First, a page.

Cassini Significant Events 01/11/07-01/17/07
January 19, 2007
(Source: Cassini Project)
The most recent spacecraft telemetry was acquired on Wednesday, Jan. 17, from the Goldstone tracking complex. The Cassini spacecraft is in an excellent state of health and all subsystems are operating normally. Information on the present position and speed of the Cassini spacecraft may be found on the "Present Position" web page at http://saturn.jpl.nasa.gov/operations/present-position.cfm
Thursday, Jan. 11 (DOY 011):
The Science Operations Plan Update (SOPU) process for S30 kicked off yesterday. The process will run for about 5 weeks, concluding at the end of February. The preliminary product input port is scheduled for Jan. 29.
The latest Cassini video report is available at: http://www.jpl.nasa.gov/videos/cassini/cassini20070111/
Friday, Jan. 12 (DOY 012):
The SOPU process for S29 concluded today. Products were handed off to the sequence leads for the kick-off of the final sequence development process next Wednesday.
Cassini is currently on approach for a flyby of Titan. During this period, the RADAR instrument obtained both distant radiometer science data and distant scatterometry science data, the Composite Infrared Spectrometer (CIRS) mapped Titan in both mid-infrared and far-infrared, integrated on Titan's limb to obtain information on trace constituents in Titan's stratosphere, and obtained measurement of organics, the Imaging Science Subsystem (ISS) provided ride-along context images and performed night side imaging, and the Visible and Infrared Mapping Spectrometer (VIMS) simultaneously made high resolution regional maps.
The Magnetosphere And Plasma Science instruments (MAPS) began a Titan Orbiter Science Campaign. Ion and Neutral Mass Spectrometer (INMS) measurements will be used to determine atmospheric and ionospheric thermal structure.
Saturday, Jan. 13 (DOY 013):
Today Cassini passed by Titan at an altitude of 1000 km and a speed of 6.0 km/sec for the 24th targeted encounter of that satellite. This is the first of 17 Titan flybys planned for 2007. In addition there will also be a targeted encounter with Iapetus, bringing the total up to 18 targeted flybys, more than in any other year during the 4-year prime mission for Cassini.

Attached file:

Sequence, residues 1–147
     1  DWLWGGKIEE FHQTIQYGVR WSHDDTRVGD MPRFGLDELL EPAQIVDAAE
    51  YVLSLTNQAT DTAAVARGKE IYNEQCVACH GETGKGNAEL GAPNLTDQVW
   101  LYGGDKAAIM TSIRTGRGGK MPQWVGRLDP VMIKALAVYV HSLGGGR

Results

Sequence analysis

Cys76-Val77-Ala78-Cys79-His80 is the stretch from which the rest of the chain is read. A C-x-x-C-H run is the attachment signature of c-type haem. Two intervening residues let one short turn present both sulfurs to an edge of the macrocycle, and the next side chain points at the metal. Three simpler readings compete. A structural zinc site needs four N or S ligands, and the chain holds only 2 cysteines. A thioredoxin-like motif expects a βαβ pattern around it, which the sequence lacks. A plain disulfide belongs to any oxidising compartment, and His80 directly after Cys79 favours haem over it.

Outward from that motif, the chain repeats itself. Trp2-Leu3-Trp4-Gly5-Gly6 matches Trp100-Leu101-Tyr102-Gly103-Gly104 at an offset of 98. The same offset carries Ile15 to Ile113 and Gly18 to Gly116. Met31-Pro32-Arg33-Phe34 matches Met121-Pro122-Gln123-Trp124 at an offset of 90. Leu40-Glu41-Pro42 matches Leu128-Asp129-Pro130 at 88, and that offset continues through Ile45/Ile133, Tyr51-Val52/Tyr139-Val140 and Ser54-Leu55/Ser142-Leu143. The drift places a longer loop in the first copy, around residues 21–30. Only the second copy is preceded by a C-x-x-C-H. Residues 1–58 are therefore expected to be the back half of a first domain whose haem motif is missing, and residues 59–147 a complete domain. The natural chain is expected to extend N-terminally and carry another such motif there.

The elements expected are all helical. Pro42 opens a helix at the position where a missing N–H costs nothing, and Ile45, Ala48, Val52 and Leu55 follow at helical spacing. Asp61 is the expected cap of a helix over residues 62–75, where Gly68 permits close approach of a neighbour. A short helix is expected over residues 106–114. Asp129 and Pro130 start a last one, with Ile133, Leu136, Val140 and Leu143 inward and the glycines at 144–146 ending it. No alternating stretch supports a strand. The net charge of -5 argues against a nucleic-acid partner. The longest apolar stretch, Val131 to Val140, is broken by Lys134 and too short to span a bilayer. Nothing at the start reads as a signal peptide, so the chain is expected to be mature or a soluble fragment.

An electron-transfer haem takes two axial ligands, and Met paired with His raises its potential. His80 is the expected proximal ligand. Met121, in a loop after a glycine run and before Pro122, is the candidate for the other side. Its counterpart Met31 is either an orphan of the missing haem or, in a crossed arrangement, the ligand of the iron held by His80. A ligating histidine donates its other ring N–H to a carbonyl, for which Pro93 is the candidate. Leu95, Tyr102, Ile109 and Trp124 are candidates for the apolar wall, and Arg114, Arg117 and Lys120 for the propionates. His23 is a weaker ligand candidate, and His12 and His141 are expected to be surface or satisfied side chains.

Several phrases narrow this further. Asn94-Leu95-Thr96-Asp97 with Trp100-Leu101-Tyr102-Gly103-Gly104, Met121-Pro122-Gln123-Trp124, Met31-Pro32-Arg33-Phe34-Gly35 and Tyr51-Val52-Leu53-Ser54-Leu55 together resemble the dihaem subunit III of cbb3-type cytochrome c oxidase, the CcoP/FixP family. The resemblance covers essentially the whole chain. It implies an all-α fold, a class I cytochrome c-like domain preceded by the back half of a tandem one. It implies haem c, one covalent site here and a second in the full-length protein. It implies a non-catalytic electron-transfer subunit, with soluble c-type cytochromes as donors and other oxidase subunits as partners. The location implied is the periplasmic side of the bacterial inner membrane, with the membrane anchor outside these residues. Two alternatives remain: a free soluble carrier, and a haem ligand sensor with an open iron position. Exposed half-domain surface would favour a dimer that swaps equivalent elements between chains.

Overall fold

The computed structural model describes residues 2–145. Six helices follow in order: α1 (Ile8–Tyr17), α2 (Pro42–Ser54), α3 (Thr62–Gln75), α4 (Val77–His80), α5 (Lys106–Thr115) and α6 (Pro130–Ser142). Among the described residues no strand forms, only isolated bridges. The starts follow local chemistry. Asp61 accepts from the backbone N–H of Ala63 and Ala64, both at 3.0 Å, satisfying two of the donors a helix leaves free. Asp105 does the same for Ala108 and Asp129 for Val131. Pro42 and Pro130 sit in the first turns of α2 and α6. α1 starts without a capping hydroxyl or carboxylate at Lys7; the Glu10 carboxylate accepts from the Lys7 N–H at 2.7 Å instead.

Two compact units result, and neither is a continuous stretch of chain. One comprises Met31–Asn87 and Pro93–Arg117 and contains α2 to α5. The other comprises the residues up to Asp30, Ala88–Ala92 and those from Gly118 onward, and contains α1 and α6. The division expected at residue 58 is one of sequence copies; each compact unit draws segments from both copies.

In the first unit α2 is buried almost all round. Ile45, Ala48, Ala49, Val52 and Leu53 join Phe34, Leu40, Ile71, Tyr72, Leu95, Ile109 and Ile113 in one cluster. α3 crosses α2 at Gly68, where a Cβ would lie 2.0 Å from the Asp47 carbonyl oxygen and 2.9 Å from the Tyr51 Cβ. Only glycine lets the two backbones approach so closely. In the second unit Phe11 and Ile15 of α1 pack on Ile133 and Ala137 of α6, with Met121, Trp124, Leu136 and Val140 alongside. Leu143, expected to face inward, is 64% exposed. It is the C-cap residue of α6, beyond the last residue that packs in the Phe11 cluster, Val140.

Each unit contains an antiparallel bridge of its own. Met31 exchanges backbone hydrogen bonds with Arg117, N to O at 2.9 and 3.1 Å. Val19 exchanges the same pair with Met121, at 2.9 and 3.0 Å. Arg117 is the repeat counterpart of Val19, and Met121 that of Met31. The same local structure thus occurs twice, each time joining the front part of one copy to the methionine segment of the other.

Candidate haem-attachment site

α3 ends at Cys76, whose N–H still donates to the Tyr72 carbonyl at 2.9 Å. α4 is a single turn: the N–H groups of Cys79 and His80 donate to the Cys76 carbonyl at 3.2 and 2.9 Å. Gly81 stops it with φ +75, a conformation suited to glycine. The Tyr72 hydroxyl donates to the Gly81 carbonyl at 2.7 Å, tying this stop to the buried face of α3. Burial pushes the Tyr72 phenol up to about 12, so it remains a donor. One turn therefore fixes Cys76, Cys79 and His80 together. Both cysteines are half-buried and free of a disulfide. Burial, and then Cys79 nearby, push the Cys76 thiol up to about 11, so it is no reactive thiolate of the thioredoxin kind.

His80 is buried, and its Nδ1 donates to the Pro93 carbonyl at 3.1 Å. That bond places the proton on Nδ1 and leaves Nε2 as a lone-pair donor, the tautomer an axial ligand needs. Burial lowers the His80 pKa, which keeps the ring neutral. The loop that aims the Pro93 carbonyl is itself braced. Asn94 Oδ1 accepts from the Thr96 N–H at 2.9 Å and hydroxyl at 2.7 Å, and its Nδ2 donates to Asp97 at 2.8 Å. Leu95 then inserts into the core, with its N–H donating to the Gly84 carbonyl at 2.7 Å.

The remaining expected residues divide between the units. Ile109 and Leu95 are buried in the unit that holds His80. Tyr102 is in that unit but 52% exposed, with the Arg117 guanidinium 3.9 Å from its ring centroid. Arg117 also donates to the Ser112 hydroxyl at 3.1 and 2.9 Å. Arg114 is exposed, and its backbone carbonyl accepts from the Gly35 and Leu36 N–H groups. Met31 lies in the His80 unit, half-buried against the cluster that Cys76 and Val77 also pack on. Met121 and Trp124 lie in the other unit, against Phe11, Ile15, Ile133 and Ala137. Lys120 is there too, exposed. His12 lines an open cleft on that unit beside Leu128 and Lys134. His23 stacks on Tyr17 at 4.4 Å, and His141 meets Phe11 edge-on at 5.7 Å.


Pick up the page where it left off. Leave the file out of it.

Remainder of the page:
Science for this flyby included RADAR high latitude radiometry maps of both the north and south poles to understand seasonal temperature, and obtaining synthetic aperture radar (SAR) images over the anti-Saturn hemisphere from mid-north to low south latitudes, which will be useful for studying dune orientation.
At the same time, INMS measured Titan's atmospheric and ionospheric composition and thermal structure. This was the first INMS data from the dayside, inner flank. The other MAPS instruments observed Titan's interaction with Saturn's magnetosphere with the Radio and Plasma Wave Science (RPWS) in particular concentrating on evidence of ion pickup, radio emissions, density profiles, and the general wave environment.
Outbound from Titan, UVIS observed as Titan occulted Eta UMa. From this data, the vertical distribution of hydrocarbons and an atmospheric temperature profile can be deduced. After additional RADAR SAR imaging, the Optical Remote Sensing (ORS) instruments with ISS prime spent several hours on a global map of Titan.
Sunday, Jan. 14 (DOY 014):
Today marks the second anniversary of the Huygens Probe entry, descent, and data relay from Titan on Jan. 14, 2005. The European Space Agency is carrying an article on their website reviewing the event, and discussing some of the ongoing results from data analysis.
Images supporting this release are available at
Monday, Jan. 15 (DOY 015):
Orbit Trim Maneuver (OTM) #89 was performed today. This is the cleanup maneuver from the Titan 23 encounter on Jan. 13. The reaction control subsystem burn began at 7:45 PM PST. Telemetry immediately after the maneuver showed the burn duration was 158.5 seconds, giving a delta-V of 0.21 m/s. All subsystems reported nominal performance after the maneuver.